February 16, 2021, by Tam Campbell Trant | Performance Management
At HR à la carte, we’re old hats when it comes to working from home. In 2010, our company was founded that way and we’ve always worked remotely. Over the years, we’ve exalted the advantages of going virtual, including increased productivity and greater flexibility for work/life balance.
Our team of consultants specifically chose a work from home (“WFH”) career for the work/life balance benefits. However, we’re also keenly aware of the challenges of remote working. Having engaged employees without face-to-face interaction can be tough - and it’s not for everyone. We’ve given tips on how to manage employees in a remote environment, such as hire for fit, maintain communication, give feedback in real-time, and create “get-together” occasions whenever you can. Below we have compiled the following links, resources and ideas to help you manage your remote employees, too.
A clear Work from Home Policy, including some verbiage on meeting performance expectations is a good first step, but managers will need to have a communication plan with some follow-ups. Maintaining employee motivation in a WFH environment also includes ensuring employees have the proper tools and equipment to be productive, and having regular communications to touch base and give recognition for boosted morale.
According to one Forbes article, only about one in 10 employees will succeed working remotely. Employees must be super disciplined and willing to connect. Companies are advised to start with solid onboarding, track employee time and monitor projects.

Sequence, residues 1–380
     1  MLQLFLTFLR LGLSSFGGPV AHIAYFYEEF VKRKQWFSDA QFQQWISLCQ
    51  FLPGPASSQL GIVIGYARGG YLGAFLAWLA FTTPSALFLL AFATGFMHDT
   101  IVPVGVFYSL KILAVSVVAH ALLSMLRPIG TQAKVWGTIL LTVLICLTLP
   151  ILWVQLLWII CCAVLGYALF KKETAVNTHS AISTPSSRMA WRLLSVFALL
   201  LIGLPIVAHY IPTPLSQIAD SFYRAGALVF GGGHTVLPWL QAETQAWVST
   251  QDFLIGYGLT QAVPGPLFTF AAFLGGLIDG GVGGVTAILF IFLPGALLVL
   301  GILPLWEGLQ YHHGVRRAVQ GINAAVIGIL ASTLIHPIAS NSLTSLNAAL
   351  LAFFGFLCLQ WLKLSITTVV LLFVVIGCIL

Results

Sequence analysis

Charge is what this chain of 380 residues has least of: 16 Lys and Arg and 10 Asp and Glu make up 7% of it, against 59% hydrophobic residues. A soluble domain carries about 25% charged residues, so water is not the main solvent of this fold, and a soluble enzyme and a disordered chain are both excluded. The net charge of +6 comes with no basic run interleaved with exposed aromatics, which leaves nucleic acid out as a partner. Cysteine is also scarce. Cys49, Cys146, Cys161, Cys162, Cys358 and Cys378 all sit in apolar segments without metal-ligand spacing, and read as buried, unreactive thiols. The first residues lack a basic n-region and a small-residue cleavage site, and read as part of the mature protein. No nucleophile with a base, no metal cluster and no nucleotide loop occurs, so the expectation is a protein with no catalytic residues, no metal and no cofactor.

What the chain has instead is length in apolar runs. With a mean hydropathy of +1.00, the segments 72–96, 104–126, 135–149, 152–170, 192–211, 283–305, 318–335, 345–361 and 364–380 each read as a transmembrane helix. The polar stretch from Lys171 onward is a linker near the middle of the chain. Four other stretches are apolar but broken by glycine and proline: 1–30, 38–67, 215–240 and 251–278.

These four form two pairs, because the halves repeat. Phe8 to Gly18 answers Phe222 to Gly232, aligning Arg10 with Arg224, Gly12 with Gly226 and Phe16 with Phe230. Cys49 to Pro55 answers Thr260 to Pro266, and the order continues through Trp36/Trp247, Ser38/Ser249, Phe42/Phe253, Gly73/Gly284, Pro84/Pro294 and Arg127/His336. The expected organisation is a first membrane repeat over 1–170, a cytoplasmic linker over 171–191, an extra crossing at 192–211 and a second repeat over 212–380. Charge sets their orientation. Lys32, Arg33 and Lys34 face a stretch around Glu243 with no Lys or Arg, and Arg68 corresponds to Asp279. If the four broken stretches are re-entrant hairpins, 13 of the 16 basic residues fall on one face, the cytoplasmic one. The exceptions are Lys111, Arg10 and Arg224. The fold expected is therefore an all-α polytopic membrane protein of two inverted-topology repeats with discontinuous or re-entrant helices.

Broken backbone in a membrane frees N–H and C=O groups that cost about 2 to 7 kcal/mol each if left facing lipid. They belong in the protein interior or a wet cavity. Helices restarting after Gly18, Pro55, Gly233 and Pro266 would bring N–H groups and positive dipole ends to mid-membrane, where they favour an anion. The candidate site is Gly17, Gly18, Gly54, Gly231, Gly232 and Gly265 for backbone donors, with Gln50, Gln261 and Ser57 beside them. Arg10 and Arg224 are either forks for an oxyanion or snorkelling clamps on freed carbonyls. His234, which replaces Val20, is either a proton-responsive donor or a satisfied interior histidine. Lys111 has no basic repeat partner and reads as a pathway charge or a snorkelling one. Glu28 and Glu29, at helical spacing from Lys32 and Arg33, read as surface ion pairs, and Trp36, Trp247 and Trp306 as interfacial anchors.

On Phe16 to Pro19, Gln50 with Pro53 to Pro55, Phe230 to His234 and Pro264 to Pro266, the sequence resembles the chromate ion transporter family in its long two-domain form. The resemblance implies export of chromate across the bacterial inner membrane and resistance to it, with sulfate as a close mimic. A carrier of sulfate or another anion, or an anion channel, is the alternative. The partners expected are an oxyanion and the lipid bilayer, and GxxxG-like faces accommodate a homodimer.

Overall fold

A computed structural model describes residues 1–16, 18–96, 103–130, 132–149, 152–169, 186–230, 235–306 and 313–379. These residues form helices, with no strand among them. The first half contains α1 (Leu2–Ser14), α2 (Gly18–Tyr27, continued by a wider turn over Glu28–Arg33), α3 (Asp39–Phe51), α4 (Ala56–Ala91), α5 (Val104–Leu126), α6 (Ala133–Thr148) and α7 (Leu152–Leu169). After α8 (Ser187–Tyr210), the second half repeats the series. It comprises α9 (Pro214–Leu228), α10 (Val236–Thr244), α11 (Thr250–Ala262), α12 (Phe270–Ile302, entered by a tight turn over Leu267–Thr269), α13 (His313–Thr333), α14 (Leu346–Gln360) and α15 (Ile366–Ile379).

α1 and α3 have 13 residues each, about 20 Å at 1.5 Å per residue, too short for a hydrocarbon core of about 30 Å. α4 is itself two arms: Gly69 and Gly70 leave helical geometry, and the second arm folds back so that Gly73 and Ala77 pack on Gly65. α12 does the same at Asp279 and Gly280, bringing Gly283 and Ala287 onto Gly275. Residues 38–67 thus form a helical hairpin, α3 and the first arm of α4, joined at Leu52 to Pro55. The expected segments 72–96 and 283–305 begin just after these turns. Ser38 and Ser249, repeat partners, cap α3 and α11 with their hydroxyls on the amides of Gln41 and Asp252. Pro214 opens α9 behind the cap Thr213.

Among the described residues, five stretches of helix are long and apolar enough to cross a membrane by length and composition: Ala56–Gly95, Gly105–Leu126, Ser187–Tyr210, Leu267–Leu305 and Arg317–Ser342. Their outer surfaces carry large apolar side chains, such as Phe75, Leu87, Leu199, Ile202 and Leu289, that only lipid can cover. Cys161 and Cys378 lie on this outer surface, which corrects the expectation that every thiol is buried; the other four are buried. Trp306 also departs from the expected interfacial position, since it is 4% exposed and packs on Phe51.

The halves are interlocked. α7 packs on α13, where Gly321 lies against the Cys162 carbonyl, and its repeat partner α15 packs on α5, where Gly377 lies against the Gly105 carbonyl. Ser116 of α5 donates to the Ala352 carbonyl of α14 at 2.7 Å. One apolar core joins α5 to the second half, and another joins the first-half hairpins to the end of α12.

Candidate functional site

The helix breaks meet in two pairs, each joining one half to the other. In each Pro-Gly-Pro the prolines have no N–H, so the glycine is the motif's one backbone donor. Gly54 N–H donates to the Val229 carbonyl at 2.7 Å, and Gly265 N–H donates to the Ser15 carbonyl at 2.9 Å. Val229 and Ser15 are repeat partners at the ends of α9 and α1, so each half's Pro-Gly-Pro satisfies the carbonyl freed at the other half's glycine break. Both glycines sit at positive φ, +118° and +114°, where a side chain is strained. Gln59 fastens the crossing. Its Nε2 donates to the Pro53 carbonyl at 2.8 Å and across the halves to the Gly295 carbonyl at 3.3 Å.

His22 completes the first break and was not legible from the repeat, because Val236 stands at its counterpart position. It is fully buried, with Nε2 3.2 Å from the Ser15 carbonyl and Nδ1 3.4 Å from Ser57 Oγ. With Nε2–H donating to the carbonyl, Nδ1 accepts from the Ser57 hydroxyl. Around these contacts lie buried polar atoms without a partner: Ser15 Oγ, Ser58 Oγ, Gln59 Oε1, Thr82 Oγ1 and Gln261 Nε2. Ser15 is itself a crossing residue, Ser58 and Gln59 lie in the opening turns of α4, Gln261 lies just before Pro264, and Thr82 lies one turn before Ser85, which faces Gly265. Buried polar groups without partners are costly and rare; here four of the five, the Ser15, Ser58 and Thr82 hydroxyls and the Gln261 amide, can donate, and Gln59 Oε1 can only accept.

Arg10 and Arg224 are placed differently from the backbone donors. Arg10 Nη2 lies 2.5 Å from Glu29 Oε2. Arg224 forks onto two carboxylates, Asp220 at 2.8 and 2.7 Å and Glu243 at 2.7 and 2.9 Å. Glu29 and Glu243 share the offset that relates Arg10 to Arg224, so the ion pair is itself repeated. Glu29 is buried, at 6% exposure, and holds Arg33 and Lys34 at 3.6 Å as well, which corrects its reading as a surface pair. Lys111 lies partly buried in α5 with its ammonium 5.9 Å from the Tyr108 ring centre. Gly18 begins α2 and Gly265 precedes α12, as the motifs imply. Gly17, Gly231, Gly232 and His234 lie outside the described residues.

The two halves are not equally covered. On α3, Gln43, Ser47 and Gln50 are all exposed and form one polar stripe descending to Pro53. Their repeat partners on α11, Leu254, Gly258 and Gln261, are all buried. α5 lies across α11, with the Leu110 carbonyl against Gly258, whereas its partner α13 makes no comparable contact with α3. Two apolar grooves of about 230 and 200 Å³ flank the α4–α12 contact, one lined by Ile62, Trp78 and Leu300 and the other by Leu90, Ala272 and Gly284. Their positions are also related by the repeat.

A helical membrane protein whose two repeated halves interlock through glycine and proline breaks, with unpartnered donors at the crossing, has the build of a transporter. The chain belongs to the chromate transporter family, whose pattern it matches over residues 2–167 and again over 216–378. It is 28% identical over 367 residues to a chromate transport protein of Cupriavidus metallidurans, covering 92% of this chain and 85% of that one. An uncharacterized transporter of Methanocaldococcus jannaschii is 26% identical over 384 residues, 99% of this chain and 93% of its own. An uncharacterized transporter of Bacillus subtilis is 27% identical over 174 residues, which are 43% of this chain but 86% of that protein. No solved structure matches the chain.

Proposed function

COVID required a global pivot in the work world such that people are now working from home in record numbers. What about the employees whose company cultures didn’t support WFH initiatives, and are now suddenly faced with isolation? What about those millennials who are newer to working from home, who found the pivot a shock, and are yearning to get back to the office as soon as possible? Engaging these remote employees is crucial - now more than ever.
Recent studies have found that different groups of employees have different experiences of working from home — depending on their personality type, career stage and home life. Introverts are coping better than extroverts and are reporting higher job satisfaction working from home; employees under 30 were more likely to miss the face-to-face time of the office.
Lighthouse, a blog about Leadership & Management Advice, is quite frank about the potential downsides your employees may be feeling: loneliness and isolation, feeling left out and communication breakdown due to a lack of non-verbal cues. They stress the importance of recognizing the challenges some people face, and suggest some interesting ideas to keep remote workers engaged: make time for small talk, use video as much as you can, make whiteboarding and ideating remote-friendly and use animated gifs and emoticons to convey emotion (a favourite at HR à la carte!).
In that same Forbes article, they suggest other engagement initiatives: mentor programs, wellness challenges, inclusion & diversity forums, mental health program and volunteerism & charitable activities.
Incorporating some of the above suggestions may help your employees cope until they can get back to the office. With luck, you’ll engage all those feeling isolated in their new WFH arrangements - both the extroverts who can’t wait to leave their home offices, and the millennials who are desperate for face-to-face interactions. By putting some of these suggestions into practice, you’ll keep your employees engaged until you can return to that water cooler in the office.
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